Imagine sipping coffee at an outdoor café in Paris, eating gelato outside of the Coliseum in Rome, cheering on matadors at a bullfight in Madrid or even visiting a wildlife sanctuary in Ghana … all while in school. For college students who want to travel the globe, a study abroad program could be the way to make worldly dreams possible.

Studying abroad gives students the chance to live in a foreign country in a dormitory, an apartment or with a family, and attend school in that country for a semester, a year or a shorter period of time. Students can take courses in their major, general electives or study something completely new and get college credit.

Visiting another country allows students to immerse themselves in a new culture and contribute to their college education. It also looks good on resumes and provides a vital experience to help foster independence.

Start early
First, students must decide if studying abroad is the right choice for them. This decision rests heavily on academics -- if the study abroad program offers courses that fit the student's schedule and major, and if the credits will transfer. Other factors include finances, the student's level of independence and the availability of overseas programs that meet both the student's desires and needs.

Once the decision is made to pursue a study abroad program, students should not wait to begin preparations. If students start planning their study abroad experience early, they can create a schedule and course load that will allow the credits from studying abroad to transfer back to the student's home university and count toward graduation.

"The most important tip when they come to campus is that they plan their study abroad as soon as possible," said Dr. Andre Colombat, director of the office of international programs at Loyola College.

Most schools do not accept freshmen as study abroad applicants. Also, some schools require seniors to take their last 30 credit hours on campus, like at the University of Maryland, Baltimore County. Other than that, students are typically free to choose their time to study abroad.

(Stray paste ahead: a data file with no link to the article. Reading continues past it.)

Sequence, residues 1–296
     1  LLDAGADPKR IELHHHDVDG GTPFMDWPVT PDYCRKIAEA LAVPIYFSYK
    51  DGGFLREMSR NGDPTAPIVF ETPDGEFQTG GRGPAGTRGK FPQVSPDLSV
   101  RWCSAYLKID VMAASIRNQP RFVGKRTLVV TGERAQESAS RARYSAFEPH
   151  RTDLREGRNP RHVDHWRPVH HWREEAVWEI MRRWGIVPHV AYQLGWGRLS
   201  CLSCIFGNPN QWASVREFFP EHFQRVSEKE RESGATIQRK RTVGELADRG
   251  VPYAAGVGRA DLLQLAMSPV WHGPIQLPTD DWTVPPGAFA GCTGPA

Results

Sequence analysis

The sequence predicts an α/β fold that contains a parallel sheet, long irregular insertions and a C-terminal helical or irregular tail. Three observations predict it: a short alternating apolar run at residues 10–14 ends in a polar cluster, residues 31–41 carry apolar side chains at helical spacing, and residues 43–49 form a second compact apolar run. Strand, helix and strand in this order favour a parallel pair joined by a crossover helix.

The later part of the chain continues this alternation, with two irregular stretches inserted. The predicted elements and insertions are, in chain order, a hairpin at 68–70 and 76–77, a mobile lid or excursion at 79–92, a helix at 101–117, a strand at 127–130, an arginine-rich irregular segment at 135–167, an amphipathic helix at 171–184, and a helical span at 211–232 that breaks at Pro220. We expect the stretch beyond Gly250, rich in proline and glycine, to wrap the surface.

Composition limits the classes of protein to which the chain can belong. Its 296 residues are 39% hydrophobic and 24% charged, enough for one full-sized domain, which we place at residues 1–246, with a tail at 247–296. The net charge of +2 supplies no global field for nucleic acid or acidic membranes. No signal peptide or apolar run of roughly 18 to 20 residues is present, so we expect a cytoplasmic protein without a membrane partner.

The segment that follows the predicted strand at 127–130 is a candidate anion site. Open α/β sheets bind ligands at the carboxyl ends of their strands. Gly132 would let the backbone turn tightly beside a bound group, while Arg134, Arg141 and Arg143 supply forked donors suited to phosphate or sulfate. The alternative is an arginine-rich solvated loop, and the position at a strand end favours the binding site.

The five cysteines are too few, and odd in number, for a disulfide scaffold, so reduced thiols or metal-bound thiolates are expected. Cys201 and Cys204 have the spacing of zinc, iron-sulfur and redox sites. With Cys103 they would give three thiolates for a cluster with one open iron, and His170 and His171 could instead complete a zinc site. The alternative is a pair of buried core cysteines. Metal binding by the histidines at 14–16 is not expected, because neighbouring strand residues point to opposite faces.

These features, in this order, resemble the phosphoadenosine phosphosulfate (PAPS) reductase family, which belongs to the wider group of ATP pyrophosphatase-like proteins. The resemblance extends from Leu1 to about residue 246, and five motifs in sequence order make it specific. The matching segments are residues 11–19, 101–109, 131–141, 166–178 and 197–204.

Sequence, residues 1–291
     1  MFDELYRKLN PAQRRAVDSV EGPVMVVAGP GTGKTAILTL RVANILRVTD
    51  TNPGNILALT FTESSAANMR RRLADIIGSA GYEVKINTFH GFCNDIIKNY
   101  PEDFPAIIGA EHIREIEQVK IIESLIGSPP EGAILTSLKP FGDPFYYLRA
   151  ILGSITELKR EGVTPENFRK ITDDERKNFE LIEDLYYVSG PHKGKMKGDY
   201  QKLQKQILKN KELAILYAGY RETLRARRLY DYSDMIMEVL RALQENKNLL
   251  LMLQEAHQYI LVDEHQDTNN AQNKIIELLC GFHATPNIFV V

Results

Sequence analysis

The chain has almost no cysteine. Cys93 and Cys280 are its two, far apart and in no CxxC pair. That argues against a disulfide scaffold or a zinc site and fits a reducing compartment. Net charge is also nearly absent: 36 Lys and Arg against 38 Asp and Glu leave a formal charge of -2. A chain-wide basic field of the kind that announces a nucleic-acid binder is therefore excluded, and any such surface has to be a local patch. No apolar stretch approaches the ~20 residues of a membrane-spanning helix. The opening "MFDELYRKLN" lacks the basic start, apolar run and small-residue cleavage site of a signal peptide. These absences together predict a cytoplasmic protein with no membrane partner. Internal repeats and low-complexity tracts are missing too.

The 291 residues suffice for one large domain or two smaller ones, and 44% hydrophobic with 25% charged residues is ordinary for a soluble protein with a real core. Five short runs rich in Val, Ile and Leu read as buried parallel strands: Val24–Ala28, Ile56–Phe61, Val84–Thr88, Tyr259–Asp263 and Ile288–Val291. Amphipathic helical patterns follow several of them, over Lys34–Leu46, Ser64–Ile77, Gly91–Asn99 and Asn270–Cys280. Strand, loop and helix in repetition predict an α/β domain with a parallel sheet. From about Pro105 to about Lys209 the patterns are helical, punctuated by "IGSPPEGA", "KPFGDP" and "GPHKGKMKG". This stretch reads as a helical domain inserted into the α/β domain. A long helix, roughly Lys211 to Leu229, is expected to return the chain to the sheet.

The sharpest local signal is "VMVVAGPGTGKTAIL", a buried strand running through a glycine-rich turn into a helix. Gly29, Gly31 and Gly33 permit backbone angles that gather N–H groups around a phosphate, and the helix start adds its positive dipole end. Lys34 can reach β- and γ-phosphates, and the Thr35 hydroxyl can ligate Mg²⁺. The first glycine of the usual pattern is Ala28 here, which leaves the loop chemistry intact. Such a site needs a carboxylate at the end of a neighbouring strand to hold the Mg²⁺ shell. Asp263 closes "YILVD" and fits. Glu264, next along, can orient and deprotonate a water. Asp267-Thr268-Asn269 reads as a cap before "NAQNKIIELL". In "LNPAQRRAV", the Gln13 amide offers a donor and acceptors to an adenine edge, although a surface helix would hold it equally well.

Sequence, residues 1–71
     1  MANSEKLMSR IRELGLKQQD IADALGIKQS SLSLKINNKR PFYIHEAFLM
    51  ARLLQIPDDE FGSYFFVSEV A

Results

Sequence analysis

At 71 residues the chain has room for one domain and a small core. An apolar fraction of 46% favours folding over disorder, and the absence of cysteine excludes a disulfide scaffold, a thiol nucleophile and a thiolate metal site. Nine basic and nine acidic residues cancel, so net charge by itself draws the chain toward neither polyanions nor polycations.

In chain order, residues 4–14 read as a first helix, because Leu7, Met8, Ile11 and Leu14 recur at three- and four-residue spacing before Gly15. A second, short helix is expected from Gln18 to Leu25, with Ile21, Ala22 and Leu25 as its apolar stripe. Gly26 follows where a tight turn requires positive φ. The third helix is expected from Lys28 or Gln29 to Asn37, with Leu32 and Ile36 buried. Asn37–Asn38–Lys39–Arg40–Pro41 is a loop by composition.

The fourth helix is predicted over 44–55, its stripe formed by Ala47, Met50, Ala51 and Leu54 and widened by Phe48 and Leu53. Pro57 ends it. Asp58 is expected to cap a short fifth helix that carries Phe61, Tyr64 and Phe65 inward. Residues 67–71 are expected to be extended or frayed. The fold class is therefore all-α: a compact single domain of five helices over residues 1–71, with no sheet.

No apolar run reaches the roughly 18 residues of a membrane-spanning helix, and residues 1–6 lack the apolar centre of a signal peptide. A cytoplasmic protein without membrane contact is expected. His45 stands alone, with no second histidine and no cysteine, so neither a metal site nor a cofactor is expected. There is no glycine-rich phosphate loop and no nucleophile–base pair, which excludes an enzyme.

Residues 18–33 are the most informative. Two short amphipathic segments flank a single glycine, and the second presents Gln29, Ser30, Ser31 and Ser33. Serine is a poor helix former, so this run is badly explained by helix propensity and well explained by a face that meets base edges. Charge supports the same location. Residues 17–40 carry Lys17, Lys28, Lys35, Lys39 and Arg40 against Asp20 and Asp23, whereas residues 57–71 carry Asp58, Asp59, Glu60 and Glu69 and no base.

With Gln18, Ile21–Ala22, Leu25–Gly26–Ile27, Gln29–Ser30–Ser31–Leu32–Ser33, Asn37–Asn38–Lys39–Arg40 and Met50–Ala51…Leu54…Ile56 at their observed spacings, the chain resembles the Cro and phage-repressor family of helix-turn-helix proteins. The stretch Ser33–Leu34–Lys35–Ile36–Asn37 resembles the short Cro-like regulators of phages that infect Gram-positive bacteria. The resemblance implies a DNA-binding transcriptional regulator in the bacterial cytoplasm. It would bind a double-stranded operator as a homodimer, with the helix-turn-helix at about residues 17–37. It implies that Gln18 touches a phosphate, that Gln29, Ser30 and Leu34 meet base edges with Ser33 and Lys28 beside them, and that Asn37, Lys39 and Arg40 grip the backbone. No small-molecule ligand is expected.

"Traditionally speaking, students study abroad during their junior year, but that's been changing," said Adam Grotsky, the director of the study abroad office at Towson University.

When selecting a program, Colombat advises students to consider their independence level and comfort zone. This includes choosing between a program where the student lives with a host family and one where the student lives in a dormitory or apartment, and between a program in an English-speaking country or one that involves a language foreign to the student.

Another good idea is for students to travel to a land where they have always wanted to visit. "A student should really first close their eyes and dream," said Dr. Douglas Reardon, coordinator of study abroad at Coppin State University. Then, Reardon said, find "a program that fits their vision."

Contrary to what many people think, it is possible to study in a country where the language is foreign to the student. Many universities offer classes in English, although they encourage students to take a language course while abroad to become better immersed in the country's culture. When it comes to speaking the language, "don't be afraid to make mistakes," said Brian Souders, coordinator of study abroad at UMBC.

Money matters
Cost is also a major factor. The perception is that studying abroad is not affordable.

"We find that's one of the biggest myths on campus," said Rebecca Schendel, coordinator of semester programs and advising at the University of Maryland, College Park, who encourages students to talk to a study abroad adviser before deciding that their financial situation won't allow for a trip overseas.

Programs can be expensive, but most financial aid can be applied to studying abroad. Scholarships are a good way to fund the experience; national scholarships also are available to most students and some colleges offer them. Also, exchange programs can sometimes be a cheaper option.

Students must also budget for personal expenses, like food and traveling. Students usually eat out more than they expect, and traveling while abroad is too great of an experience to pass up. "I always tell them to take what they think they would spend and double it," UMBC's Souders said.

A passport is necessary to travel abroad. Since it usually takes a while to get one, Loyola's Colombat recommends that students apply for a passport as soon as they begin applying to study abroad programs. Most countries also require students to get a visa.

To truly get a sense of a study abroad program, it is best to talk to students who completed the same program. If no one at your school has attended the program you're considering, the program organizers may have a list of past students and how to contact them.